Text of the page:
The Autism Place experience preps psychology alum for private practice
Joseph Gentry ’01, Ph.D. ’06, met his future wife, Sarah Gentry, ’01, at Illinois State University when they were both undergraduate students. Their shared passion for helping children with autism would eventually evolve into a lifelong calling for both of them.
Gentry became interested in working with children with autism after getting to know some of the kids his future wife worked with. He was a psychology major, while she was a special education major. After graduation, Gentry continued her work with children with autism in the Unit 5 school district, while Joe spent all four years of his doctoral studies in school psychology working at The Autism Place (TAP) at Illinois State. The couple has since gone on to form a thriving private practice in Arizona where they continue to focus on childhood autism.
When the Gentrys started in private practice almost nine years ago, it was just the two of them. Their professional partnership has since grown into a mid-sized private practice with four psychologists, five board certified behavior analysts, and 12 behavior technicians. According to Gentry, his doctoral training at Illinois State played a big role in his future success in independent practice.
“While I never had any direct instruction about running a private practice,” said Gentry. “My coursework and experiences in the school psychology Ph.D. program at ISU were so well thought out, intensive, and well rounded, I was able to focus on learning this new skill set without having to worry about my skills as a new psychologist.”
Gentry Pediatric Behavioral Services is now a full-scale child psychology practice that treats children age zero to 18. They offer a wide range of services, including educational and psychological evaluations, counseling, and direct treatment for everything from depression, anxiety, and learning disabilities to ADHD and other mood disorders. The Gentrys have also continued to work with children with autism, offering a diagnostic clinic within their practice that focuses on diagnosing very young children (between the ages of 2 and 5). Their behavior team also offers applied behavioral analysis (ABA) for patients with autism, both in schools and in the home.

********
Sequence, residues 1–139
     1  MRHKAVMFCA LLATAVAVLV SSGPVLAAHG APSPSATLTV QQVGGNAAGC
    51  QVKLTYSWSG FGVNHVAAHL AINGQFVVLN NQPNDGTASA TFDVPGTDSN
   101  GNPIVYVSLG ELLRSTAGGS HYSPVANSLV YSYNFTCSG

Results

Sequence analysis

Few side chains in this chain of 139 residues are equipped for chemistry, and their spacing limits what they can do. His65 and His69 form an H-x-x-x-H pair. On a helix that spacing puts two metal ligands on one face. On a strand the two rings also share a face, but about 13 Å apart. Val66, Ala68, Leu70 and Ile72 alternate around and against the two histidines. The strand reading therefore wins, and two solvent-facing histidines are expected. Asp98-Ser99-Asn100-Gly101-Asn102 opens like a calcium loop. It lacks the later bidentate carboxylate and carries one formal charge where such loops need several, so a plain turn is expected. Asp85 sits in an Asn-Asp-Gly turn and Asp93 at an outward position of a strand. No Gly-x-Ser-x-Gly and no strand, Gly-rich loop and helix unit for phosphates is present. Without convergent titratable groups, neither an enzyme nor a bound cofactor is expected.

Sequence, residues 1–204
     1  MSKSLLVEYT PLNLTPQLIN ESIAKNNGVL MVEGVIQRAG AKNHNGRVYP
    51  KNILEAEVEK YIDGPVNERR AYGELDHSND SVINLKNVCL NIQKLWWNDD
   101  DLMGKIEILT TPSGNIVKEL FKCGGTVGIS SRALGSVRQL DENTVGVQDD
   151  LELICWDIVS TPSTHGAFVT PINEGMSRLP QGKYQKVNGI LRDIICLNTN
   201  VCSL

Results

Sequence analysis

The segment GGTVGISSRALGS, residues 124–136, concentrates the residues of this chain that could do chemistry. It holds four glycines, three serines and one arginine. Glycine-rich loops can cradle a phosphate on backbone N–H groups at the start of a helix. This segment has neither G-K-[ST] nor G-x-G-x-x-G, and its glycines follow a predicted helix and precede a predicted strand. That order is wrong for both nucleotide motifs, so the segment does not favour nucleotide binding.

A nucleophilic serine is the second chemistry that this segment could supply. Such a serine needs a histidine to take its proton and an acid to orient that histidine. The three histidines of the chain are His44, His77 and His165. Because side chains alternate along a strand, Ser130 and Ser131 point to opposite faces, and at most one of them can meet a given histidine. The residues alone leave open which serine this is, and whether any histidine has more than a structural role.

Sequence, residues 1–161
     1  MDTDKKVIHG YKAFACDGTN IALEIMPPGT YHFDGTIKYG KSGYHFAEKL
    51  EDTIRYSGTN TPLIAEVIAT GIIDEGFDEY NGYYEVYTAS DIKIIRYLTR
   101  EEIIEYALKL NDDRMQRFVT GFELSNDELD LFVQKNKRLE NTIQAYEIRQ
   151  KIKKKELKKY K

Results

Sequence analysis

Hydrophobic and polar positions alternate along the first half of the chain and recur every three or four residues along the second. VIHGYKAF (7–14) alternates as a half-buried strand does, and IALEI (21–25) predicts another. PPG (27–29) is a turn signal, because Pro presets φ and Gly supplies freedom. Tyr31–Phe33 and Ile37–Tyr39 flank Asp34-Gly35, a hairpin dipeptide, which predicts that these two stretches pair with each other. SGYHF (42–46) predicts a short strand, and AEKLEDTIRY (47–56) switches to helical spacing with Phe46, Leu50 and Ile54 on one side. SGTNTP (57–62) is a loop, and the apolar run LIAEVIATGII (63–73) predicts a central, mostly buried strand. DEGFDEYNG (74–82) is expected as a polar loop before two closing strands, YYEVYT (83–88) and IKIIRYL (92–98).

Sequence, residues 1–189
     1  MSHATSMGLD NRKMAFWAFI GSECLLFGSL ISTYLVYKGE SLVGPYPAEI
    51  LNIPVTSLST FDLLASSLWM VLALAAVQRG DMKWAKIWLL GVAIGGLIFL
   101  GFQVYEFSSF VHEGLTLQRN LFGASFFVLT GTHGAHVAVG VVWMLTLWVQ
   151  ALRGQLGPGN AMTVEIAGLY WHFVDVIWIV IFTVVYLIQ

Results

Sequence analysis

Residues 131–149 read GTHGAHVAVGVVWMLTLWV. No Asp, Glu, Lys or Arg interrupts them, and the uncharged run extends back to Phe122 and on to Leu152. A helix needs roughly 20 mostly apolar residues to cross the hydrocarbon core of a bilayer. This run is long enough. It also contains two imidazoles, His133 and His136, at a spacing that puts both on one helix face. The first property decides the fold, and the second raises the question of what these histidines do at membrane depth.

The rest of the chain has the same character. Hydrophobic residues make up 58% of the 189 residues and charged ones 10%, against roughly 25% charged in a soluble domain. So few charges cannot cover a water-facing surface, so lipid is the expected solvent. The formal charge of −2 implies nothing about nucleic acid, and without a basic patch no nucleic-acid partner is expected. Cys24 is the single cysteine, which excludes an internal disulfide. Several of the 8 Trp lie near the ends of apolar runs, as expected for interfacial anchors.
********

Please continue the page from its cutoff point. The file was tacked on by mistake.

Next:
The Gentrys have recently extended their work beyond private practice and into the public sector with their recently founded non-profit, The Gentry Foundation for Autism. The foundation’s mission is to ensure that all children with autism have access to the early intervention necessary to provide them with meaningful educational experiences and a better quality of life, regardless of their race, culture, religion, or economic status.
Gentry spent most of his time at TAP working with its director, Karla Doepke, Ph.D., an associate professor in the Department of Psychology.
“It was clear from the time Joe Gentry walked into my office for the first time that he would go far,” said Doepke. “His enthusiasm was contagious. I had the pleasure of working with him as we developed an autism service at Illinois State, and Joe was clearly a cheerleader and a leader of this service. His commitment to working with these children was evident, but what was more impressive was the ease with which he interacted with families, school personnel, and other professionals to garner support for these children. During his graduate school career at ISU, Joe was recognized as a champion for the local children with autism.”
Gentry has his own fond memories of his alma mater and its community. He grew up in Normal before completing his undergraduate degree, meeting his wife, and then graduating from Illinois State with both his Ph.D. and a passion for helping youth with autism.
“Most of what I have accomplished personally and professionally is in some way or another directly related to Illinois State University,” said Gentry.